JOURNAL ARTICLE

Evaluation of an automated milk leukocyte differential test and the California Mastitis Test for detecting intramammary infection in early- and late-lactation quarters and cows

S M Godden, E Royster, J Timmerman, P Rapnicki, H Green
Journal of Dairy Science 2017, 100 (8): 6527-6544
28601465
Study objectives were to (1) describe the diagnostic test characteristics of an automated milk leukocyte differential (MLD) test and the California Mastitis Test (CMT) to identify intramammary infection (IMI) in early- (EL) and late-lactation (LL) quarters and cows when using 3 different approaches to define IMI from milk culture, and (2) describe the repeatability of MLD test results at both the quarter and cow level. Eighty-six EL and 90 LL Holstein cows were sampled from 3 Midwest herds. Quarter milk samples were collected for a cow-side CMT test, milk culture, and MLD testing. Quarter IMI status was defined by 3 methods: culture of a single milk sample, culture of duplicate samples with parallel interpretation, and culture of duplicate samples with serial interpretation. The MLD testing was completed in duplicate within 8 h of sample collection; MLD results (positive/negative) were reported at each possible threshold setting (1-18 for EL; 1-12 for LL) and CMT results (positive/negative) were reported at each possible cut-points (trace, ≥1, ≥2, or 3). We created 2 × 2 tables to compare MLD and CMT results to milk culture, at both the quarter and cow level, when using each of 3 different definitions of IMI as the referent test. Paired MLD test results were compared with evaluate repeatability. The MLD test showed excellent repeatability. The choice of definition of IMI from milk culture had minor effects on estimates of MLD and CMT test characteristics. For EL samples, when interpreting MLD and CMT results at the quarter level, and regardless of the referent test used, both tests had low sensitivity (MLD = 11.7-39.1%; CMT = 0-52.2%) but good to very good specificity (MLD = 82.1-95.2%; CMT = 68.1-100%), depending on the cut-point used. Sensitivity improved slightly if diagnosis was interpreted at the cow level (MLD = 25.6-56.4%; CMT = 0-72.2%), though specificity generally declined (MLD = 61.8-100%; CMT = 25.0-100%) depending on the cut-point used. For LL samples, when interpreted at the quarter level, both tests had variable sensitivity (MLD = 46.6-84.8%; CMT = 9.6-72.7%) and variable specificity (MLD = 59.2-79.8%; CMT = 52.5-97.3%), depending on the cut-point used. Test sensitivity improved if interpreted at the cow level (MLD = 59.6-86.4%; CMT = 19.1-86.4%), though specificity declined (MLD = 32.4-56.8%; CMT = 14.3-92.3%). Producers considering adopting either test for LL or EL screening programs will need to carefully consider the goals and priorities of the program (e.g., whether to prioritize test sensitivity or specificity) when deciding on the level of interpretation (quarter or cow) and when selecting the optimal cut-point for interpreting test results. Additional validation studies and large randomized field studies will be needed to evaluate the effect of adopting either test in selective dry cow therapy or fresh cow screening programs on udder health, antibiotic use, and economics.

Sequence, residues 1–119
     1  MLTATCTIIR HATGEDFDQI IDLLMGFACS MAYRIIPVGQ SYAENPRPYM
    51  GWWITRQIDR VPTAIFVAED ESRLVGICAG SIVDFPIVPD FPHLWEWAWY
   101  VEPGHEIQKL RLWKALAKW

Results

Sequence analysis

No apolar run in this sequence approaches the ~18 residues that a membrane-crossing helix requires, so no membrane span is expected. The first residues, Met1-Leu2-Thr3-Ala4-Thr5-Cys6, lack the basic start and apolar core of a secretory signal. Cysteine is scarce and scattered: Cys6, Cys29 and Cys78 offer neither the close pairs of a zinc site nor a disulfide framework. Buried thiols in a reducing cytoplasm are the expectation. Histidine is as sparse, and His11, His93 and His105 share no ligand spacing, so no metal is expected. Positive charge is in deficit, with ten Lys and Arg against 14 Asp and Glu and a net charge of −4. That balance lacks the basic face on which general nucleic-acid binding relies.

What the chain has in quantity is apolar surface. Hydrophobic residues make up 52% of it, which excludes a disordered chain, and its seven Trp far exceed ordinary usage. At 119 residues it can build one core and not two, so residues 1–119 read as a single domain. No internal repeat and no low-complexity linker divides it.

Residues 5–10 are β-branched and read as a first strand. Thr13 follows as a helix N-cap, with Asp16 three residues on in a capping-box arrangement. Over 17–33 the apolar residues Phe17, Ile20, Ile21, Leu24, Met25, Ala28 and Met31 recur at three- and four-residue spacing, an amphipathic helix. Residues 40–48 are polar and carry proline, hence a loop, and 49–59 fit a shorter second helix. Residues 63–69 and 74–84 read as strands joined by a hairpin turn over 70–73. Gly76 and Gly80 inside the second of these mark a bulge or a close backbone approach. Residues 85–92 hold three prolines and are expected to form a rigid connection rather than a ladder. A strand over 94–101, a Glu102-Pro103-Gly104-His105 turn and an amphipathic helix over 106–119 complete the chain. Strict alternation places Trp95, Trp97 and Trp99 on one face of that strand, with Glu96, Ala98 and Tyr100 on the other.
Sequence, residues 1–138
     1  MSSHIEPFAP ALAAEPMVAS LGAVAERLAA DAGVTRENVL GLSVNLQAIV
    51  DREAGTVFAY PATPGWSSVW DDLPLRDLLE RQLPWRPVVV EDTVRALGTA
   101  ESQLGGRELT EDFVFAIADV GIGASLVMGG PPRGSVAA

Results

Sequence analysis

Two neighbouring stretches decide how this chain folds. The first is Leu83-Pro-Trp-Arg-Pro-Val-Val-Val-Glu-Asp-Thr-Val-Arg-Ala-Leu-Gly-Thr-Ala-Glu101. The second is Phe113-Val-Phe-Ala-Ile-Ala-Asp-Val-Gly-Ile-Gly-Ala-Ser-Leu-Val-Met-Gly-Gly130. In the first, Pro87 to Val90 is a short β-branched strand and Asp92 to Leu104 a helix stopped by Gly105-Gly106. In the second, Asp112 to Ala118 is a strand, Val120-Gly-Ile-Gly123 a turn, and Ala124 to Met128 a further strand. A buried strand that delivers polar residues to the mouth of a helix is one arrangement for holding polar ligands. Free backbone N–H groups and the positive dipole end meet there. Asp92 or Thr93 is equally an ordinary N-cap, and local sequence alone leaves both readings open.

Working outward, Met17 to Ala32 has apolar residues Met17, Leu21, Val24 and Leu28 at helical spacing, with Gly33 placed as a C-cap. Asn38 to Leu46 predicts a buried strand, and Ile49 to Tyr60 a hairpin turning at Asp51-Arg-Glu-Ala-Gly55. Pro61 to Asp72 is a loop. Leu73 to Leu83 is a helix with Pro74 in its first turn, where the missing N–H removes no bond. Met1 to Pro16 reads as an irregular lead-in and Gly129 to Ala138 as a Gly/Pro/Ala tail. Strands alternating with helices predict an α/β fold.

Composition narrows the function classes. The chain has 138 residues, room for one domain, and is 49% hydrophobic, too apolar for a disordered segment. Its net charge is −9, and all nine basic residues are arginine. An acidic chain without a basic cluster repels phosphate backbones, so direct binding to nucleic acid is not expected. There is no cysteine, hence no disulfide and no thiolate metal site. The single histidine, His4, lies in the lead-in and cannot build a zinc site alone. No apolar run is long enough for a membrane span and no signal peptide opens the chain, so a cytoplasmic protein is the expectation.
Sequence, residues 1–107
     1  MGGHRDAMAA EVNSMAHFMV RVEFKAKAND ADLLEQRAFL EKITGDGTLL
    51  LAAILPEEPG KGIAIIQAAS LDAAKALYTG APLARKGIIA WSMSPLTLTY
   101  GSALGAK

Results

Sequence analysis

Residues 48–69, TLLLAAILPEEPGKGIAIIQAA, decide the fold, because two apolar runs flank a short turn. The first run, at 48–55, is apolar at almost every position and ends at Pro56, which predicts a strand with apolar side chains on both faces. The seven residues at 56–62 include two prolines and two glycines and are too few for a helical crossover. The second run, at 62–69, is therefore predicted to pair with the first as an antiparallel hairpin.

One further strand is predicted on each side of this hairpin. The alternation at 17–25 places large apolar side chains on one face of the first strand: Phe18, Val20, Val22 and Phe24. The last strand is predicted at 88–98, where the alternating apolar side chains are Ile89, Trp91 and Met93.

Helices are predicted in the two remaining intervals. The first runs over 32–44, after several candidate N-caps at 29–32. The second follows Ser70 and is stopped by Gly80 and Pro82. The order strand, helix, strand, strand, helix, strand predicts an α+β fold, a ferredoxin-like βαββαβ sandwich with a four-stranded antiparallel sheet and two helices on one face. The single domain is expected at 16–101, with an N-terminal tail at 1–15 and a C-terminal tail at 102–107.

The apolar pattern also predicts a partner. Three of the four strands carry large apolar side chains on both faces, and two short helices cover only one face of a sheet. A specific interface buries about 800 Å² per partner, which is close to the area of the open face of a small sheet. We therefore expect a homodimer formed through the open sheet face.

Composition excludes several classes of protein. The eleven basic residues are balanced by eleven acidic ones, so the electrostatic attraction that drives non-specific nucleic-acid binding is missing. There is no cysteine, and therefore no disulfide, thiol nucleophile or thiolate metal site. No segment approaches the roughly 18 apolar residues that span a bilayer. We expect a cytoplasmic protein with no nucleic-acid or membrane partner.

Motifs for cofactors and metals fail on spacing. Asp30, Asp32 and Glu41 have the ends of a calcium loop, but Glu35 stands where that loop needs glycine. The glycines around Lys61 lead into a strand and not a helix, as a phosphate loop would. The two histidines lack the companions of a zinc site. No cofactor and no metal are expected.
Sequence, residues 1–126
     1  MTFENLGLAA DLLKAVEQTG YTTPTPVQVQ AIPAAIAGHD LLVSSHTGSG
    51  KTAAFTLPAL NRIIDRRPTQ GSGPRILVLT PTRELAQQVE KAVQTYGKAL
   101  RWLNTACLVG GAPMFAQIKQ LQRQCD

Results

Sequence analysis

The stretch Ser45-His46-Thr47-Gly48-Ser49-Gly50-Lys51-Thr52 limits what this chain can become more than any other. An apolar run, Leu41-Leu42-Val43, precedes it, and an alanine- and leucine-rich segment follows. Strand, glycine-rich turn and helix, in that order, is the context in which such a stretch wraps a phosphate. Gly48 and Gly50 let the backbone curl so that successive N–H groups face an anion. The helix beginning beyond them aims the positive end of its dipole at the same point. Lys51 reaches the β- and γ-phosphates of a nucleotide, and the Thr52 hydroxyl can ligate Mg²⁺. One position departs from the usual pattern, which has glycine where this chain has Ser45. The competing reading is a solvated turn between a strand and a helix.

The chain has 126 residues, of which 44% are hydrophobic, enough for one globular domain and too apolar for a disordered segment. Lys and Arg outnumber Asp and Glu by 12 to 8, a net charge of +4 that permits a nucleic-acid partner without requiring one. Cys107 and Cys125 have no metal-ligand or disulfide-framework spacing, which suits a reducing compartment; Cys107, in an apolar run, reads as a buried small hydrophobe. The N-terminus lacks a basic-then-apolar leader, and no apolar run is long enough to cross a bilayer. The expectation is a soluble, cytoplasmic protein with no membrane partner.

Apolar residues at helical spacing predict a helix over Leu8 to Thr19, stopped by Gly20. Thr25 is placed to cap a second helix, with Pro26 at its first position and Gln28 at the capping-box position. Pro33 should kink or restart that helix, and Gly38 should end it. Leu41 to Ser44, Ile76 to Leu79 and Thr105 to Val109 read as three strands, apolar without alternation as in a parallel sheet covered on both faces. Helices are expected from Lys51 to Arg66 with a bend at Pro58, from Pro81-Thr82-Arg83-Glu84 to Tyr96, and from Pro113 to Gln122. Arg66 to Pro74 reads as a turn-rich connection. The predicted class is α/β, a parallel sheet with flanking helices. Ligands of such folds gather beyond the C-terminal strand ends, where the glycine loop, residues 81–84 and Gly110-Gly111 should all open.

Full Text Links

Find Full Text Links for this Article

Discussion

You are not logged in. Sign Up or Log In to join the discussion.

Related Papers

Remove bar
Read by QxMD icon Read
28601465
×

Save your favorite articles in one place with a free QxMD account.

×

Search Tips

Use Boolean operators: AND/OR

diabetic AND foot
diabetes OR diabetic

Exclude a word using the 'minus' sign

Virchow -triad

Use Parentheses

water AND (cup OR glass)

Add an asterisk (*) at end of a word to include word stems

Neuro* will search for Neurology, Neuroscientist, Neurological, and so on

Use quotes to search for an exact phrase

"primary prevention of cancer"
(heart or cardiac or cardio*) AND arrest -"American Heart Association"